Prominent Republican hawks are debating whether to hold their noses and vote for Clinton instead.
By MICHAEL CROWLEY for POLITICO — Donald Trump calls the Iraq War a lie-fueled fiasco, admires Vladimir Putin and says he would be a “neutral” arbiter between Israel and the Palestinians. When it comes to America’s global role he asks, “Why are we always at the forefront of everything?”
Even more than his economic positions, Trump’s foreign policy views challenge GOP orthodoxy in fundamental ways. But while parts of the party establishment are resigning themselves or even backing Trump’s runaway train, one group is bitterly digging in against him: the hawkish foreign policy elites known as neoconservatives.
In interviews with POLITICO, leading neocons — people who promoted the Iraq War, detest Putin and consider Israel’s security non-negotiable — said Trump would be a disaster for U.S. foreign policy and vowed never to support him. So deep is their revulsion that several even say they could vote for Hillary Clinton over Trump in November.
“Hillary is the lesser evil, by a large margin,” said Eliot Cohen, a former top State Department official under George W. Bush and a strategic theorist who argues for a muscular U.S. role abroad. Trump’s election would be “an unmitigated disaster for American foreign policy,” Cohen said, adding that “he has already damaged it considerably.”
Cohen, an Iraq war backer who is often called a neoconservative but said he does not identify himself that way, said he would “strongly prefer a third party candidate” to Trump, but added: “Probably if absolutely no alternative: Hillary.”
In a March 1 interview with Vox, Max Boot, a military historian at the Council on Foreign Relations who backed the Iraq War and often advocates a hawkish foreign policy, said that he, too, would vote for Clinton over Trump. “I’m literally losing sleep over Donald Trump,” he said. “She would be vastly preferable to Trump.”
Cohen helped to organize an open letter signed by several dozen GOP foreign policy insiders — many of whom are not considered neocons — that was published Wednesday night by War on the Rocks, a defense and foreign policy website. “[W]e are unable to support a Party ticket with Mr. Trump at its head,” the letter declared. It cited everything from Trump’s “admiration for foreign dictators” to his “inexcusable” support for “the expansive use of torture.”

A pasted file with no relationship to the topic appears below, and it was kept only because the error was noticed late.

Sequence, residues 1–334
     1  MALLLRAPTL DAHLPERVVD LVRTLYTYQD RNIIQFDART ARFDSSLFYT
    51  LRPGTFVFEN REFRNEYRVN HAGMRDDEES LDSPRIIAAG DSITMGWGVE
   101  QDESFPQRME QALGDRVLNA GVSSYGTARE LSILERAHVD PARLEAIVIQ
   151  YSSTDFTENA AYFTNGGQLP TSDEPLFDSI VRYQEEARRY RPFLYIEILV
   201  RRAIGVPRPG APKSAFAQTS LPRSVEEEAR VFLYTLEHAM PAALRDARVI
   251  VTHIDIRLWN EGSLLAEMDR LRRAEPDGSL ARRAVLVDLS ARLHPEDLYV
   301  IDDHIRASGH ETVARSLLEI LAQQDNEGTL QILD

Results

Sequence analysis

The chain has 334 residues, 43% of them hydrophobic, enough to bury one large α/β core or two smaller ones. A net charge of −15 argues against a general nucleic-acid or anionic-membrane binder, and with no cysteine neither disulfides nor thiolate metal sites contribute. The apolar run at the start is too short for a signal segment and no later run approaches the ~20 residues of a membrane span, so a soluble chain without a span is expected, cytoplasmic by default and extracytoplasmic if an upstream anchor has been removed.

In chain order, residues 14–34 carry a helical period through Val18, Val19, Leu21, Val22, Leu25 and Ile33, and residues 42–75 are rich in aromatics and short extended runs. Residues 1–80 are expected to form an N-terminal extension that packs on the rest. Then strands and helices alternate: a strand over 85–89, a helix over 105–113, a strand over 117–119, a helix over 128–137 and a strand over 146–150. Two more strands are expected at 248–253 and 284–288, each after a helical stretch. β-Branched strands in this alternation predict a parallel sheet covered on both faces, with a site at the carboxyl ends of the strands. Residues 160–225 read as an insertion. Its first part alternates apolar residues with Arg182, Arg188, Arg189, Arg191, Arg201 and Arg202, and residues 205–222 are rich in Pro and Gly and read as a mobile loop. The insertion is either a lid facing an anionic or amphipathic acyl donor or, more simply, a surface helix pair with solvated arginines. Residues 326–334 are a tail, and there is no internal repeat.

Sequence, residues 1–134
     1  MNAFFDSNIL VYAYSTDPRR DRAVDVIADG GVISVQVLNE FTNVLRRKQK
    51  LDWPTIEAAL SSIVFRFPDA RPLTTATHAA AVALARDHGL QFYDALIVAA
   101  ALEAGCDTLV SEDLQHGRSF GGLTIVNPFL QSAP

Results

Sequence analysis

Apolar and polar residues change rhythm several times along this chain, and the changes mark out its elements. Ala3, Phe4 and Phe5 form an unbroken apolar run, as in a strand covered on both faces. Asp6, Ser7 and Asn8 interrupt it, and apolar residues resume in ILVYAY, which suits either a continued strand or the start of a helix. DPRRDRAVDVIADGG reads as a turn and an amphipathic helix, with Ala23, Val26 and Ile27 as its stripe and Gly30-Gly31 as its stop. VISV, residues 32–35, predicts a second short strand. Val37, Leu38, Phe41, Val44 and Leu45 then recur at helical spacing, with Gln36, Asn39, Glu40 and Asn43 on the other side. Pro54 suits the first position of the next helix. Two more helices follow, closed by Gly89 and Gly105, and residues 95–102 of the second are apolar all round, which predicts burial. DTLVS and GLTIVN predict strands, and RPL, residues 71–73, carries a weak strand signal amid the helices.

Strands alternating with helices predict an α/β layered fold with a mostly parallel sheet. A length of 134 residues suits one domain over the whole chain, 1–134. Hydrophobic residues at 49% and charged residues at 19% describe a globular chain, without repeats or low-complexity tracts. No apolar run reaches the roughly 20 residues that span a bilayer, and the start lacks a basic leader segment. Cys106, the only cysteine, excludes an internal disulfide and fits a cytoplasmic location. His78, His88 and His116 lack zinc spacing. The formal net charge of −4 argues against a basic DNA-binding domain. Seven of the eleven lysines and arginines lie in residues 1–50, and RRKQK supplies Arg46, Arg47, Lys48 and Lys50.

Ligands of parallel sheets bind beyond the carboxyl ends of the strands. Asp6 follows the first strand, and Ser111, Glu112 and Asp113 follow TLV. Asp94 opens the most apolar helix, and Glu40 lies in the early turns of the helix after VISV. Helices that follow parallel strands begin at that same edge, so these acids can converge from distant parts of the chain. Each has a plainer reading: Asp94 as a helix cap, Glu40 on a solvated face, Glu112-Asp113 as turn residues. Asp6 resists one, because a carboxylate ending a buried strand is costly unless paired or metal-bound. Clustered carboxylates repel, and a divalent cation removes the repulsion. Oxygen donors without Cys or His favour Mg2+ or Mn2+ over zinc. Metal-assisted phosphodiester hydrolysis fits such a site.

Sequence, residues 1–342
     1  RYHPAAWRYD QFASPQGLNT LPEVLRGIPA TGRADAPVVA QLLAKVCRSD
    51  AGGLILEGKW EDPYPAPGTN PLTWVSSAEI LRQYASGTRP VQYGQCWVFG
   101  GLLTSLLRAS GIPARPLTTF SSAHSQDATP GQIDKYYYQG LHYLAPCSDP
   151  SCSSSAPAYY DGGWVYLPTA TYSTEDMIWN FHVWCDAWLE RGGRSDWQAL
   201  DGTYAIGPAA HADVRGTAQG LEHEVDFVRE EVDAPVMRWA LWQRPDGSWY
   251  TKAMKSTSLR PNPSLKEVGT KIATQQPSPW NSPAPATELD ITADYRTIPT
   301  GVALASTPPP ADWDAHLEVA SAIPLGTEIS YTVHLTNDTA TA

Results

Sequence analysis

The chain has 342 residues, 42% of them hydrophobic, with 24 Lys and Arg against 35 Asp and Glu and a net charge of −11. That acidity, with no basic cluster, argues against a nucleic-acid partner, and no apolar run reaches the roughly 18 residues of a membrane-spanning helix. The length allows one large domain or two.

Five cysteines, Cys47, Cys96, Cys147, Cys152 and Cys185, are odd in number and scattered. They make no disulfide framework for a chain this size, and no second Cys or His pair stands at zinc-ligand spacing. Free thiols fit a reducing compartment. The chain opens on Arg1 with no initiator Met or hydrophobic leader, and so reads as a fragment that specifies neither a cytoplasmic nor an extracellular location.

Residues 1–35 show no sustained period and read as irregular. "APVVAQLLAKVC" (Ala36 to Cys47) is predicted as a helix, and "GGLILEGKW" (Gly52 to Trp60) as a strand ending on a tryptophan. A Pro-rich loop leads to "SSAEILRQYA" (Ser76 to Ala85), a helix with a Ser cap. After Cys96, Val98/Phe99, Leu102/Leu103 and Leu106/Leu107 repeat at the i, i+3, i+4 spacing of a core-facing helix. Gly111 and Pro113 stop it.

The letter was signed by dozens of Republican foreign policy experts, including Boot; Peter Feaver, a former senior national security aide in George W. Bush’s White House; Robert Zoellick, a former deputy to Secretary of State Condoleezza Rice; and Dov Zakheim, a former Bush Pentagon official; and Kori Schake, a fellow at Stanford University’s Hoover Institution and a former Bush State Department official.
Several other neocons said they find themselves in an impossible position, constitutionally incapable of voting for Clinton but repelled by a Republican whose foreign policy views they consider somewhere between nonexistent and dangerous — and disconnected from their views about American power and values abroad.
“1972 was the first time I was old enough to vote for president, and I did not vote. Couldn’t vote for McGovern for foreign policy reasons, nor for Nixon because of Watergate,” said Elliott Abrams, a former national security council aide to George W. Bush who specializes in democracy and the Middle East. “I may be in the same boat in 2016, unable to vote for Trump or Clinton.”
Weekly Standard Editor Bill Kristol, something of a dean of Washington neoconservatives, said he would seek out a third option before choosing between Trump and Clinton.
“If it’s Trump-Clinton, I’d work with others to recruit a strong conservative third party candidate, and do my best to help him win (which by the way would be more possible than people think, especially when people — finally — realize Trump shouldn’t be president and Hillary is indicted),” Kristol wrote in an email.
Kristol and Abrams have advised Florida senator Marco Rubio, the preferred choice of several neoconservatives, who admire his call for “moral clarity” in foreign policy and strong emphasis on human rights and democracy.
Alarm brewing for months in GOP foreign policy circles burst into public view last week, when Robert Kagan, a key backer of the Iraq War and American global might, wrote in the Washington Post that a Trump nomination would force him to cross party lines.